White hegemony is driven in part by fear of the diminishment of white identity. Caroline Knowles, a sociologist of race and ethnicity, tells us that “non-white performances of lifestyle attract censure and heighten fears.”3 To protect against a sense of invasion, in response to a racist fear, white individuals internalize a sense of difference and superiority. The construction of the idea of whiteness draws on this dynamic.4

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In what ways do architecture students internalize, and consent to, white hegemony in our designs, renderings, and colorblind attitudes around who does and who does not belong in the spaces we imagine? Collage by Ana Colon Quiñones, Dissent by Design, background renderings by others.

Architecture participates in the perpetuation of white dominance. Take a walk through any architecture school and you will likely find countless renderings of new urban developments in trending neighborhoods and branded districts with mostly white people enjoying mostly white activities in mostly white spaces. (Think of the countless craft breweries in revitalized industrial neighborhoods branded as arts districts that we see in pinups at our schools.) If these projects don’t serve to police shared ideals of whiteness, in our schools, our profession, and the spaces we design and construct, then what does? Images of “American domesticity” are iconic. They too help produce a hegemonic idea of white culture and virtuous families. More than a backdrop to normative ideals of kinship and domesticity, architecture is a critical part of using the built environment to reify and deepen white hegemony.

White hegemony is often unacknowledged or invisible, and that is what makes it insidious, with lasting, harmful effects. But when we scrutinize the behavior of white users of space, this hegemony comes into view. Sociologist Elijah Anderson reminds us that “when encountering blacks in the white space, some whites experience cognitive dissonance and, if for no other reason than the need to set the dissonant picture straight, become confused or disturbed, or even outraged at what they see. In the interest of consonance, they try to put the black person ‘back in his place’—at times telling him in no uncertain terms to ‘go back where you came from.’”5 In other terms, Anderson explains how “in the white space, small issues can become fraught with racial meaning or small behaviors can subtly teach or remind the black person of her outsider status, showing onlookers and bystanders alike that she does not really belong, that she is not to be regarded and treated as a full person in the white space.”6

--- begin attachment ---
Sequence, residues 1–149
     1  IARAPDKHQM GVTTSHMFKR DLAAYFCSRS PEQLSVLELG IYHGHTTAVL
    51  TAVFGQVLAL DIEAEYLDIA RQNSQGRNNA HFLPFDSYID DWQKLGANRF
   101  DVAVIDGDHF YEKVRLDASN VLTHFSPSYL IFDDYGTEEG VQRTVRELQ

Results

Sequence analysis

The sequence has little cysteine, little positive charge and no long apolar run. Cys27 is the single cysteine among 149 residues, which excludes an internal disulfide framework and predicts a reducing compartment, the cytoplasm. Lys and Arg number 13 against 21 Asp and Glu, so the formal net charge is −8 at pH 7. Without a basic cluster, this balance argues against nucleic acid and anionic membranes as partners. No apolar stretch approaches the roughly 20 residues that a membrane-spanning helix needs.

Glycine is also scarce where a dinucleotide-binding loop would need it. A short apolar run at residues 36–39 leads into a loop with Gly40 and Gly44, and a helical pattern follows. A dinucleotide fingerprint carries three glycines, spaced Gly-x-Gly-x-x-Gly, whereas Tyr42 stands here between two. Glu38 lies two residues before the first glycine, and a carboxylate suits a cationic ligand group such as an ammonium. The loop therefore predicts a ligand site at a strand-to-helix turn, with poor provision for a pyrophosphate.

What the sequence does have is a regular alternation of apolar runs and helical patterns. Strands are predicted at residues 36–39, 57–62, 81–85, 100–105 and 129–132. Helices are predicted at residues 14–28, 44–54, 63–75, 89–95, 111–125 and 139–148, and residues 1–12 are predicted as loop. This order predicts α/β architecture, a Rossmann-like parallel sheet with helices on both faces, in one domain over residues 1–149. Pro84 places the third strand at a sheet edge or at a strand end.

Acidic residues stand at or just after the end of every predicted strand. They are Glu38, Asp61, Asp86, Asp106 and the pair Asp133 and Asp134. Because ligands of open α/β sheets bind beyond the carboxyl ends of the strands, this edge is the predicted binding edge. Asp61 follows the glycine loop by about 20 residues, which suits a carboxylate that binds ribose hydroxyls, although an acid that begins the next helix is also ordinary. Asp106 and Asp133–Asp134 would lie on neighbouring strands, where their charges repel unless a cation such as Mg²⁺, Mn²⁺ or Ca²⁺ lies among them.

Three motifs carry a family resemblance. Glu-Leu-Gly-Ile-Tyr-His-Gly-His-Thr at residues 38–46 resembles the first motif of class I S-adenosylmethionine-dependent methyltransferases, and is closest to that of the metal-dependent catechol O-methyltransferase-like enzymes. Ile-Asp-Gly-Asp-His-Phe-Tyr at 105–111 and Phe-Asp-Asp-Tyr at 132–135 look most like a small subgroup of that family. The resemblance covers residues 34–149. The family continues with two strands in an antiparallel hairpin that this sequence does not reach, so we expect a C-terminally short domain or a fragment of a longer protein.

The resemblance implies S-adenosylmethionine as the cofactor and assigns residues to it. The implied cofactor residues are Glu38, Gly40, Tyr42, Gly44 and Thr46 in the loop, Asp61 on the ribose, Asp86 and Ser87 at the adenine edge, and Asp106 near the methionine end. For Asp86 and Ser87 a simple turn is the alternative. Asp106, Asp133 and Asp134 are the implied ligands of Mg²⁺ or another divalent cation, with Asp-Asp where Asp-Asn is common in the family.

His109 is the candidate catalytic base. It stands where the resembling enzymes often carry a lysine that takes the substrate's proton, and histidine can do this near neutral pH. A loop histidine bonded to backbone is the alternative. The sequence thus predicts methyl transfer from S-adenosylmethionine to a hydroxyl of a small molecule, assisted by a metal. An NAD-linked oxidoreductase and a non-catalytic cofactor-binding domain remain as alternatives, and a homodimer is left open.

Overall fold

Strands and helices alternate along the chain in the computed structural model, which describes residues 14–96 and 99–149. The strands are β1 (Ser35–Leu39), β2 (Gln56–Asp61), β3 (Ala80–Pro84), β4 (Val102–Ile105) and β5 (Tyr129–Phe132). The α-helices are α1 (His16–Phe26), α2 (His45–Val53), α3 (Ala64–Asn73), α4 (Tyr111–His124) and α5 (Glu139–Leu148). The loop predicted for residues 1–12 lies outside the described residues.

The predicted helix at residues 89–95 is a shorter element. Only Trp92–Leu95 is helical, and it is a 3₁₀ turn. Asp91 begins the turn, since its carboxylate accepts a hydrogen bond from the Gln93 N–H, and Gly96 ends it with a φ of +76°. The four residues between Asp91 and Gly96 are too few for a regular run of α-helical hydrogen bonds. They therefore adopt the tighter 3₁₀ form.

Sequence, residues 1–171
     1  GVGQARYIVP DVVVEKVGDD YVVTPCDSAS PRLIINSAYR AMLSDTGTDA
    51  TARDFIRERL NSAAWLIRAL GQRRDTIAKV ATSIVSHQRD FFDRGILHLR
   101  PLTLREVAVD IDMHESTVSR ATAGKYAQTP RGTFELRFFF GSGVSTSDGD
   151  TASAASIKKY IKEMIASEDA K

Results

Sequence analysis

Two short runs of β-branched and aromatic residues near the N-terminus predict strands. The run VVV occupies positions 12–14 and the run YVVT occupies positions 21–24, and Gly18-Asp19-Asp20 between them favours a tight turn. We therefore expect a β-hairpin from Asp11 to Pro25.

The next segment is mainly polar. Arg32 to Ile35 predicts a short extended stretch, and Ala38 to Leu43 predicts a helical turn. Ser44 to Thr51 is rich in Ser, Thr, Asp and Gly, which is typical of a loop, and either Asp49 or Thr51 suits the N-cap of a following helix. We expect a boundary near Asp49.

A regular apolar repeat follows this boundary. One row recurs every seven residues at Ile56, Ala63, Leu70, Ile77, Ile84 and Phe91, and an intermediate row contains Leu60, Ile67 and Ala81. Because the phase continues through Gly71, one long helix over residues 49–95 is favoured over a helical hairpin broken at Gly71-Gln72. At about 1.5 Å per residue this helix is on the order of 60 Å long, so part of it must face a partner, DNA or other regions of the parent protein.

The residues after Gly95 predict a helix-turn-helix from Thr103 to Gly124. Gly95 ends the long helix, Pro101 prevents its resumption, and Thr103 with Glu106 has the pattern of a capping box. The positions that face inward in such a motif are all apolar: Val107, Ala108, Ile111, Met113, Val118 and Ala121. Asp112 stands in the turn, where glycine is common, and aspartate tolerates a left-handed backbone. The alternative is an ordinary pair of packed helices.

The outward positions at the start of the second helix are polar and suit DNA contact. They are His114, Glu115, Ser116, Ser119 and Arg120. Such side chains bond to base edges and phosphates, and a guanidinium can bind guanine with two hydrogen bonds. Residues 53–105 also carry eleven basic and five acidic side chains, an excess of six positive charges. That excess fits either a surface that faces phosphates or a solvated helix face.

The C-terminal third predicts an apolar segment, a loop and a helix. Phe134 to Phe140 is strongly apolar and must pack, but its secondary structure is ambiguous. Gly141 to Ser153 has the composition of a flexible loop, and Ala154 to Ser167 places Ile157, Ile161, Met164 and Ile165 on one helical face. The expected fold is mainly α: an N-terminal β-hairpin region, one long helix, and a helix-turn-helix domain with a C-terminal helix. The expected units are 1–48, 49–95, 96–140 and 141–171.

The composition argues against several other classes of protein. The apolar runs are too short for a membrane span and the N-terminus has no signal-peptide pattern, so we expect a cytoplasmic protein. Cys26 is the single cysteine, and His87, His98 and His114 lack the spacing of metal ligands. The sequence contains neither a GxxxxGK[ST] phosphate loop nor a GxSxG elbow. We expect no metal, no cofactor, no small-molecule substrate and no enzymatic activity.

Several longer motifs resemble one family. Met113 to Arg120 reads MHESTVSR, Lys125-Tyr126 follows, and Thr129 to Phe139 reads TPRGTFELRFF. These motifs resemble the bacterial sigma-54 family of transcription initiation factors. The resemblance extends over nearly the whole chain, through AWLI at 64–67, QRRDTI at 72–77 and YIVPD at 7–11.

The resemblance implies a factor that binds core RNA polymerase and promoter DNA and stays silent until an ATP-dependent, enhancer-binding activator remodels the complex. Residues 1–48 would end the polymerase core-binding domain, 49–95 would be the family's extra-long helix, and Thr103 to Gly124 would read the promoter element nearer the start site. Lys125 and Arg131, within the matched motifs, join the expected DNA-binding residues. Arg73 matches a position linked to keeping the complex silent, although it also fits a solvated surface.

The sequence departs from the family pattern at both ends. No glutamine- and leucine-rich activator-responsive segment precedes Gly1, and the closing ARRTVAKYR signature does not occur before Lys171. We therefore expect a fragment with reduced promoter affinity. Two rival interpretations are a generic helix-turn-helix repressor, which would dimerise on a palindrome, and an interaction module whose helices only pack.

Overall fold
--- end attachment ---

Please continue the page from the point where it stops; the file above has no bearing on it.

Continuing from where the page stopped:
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In what ways are public spaces policed by white hegemonic conceptions of who belongs in white space and what forms of cultural expression are permitted? Collage by Ana Colon Quiñones, Dissent by Design, background images by others.

These dynamics play out consistently in the spaces we design, and they are perhaps most visible in the everyday institutional spaces we create: overtly in our prisons, and covertly in classrooms, courtrooms, museums, and the social spaces of our cafes, our retail experiences, and our restaurants. In these spaces, we design what Black feminist geographer Katherine McKittrick calls “[a] material spatialization of ‘difference.’”7

In her analysis of the slave auction block, Katherine McKittrick helps us broaden our thinking about the architecture of white hegemony both historically and spatially. For us, it is an architectural expression of the roots of white vigilance in the US. The auction block and slave quarters at the Green Hill plantation in Campbell County, Virginia are sited beside each other. The colorblind perspective calls the first an assembly of stones arranged as a platform and the second as a basic gable-roofed shelter. But they are much more than that. McKittrick analyzes the auction block as “a site of public-racial-sexual domination and measurable documentation.”8 She writes about how “racial positionings—of the auctioneer, the buyers, the onlookers, the enslaved—hold steady this domination through the gaze, the exchange of money, and bodily evaluation.”9 She calls the auction block a “technology that ‘scales’ the body… that displays black bodies in relation to the wider landscape.”10 In doing so, as a platform, or a plinth, the auction block situates the white gaze of the buyers, with the seller, and the hegemonic image of the plantation.

Now, if we consider a comparison of the figures of the suburb vs. slave quarter, what conclusions about the architecture of white hegemony might we draw? If we consider a comparison of the figure of the suburb against the image of the auction block, what conclusions about the materiality of hegemony might we draw?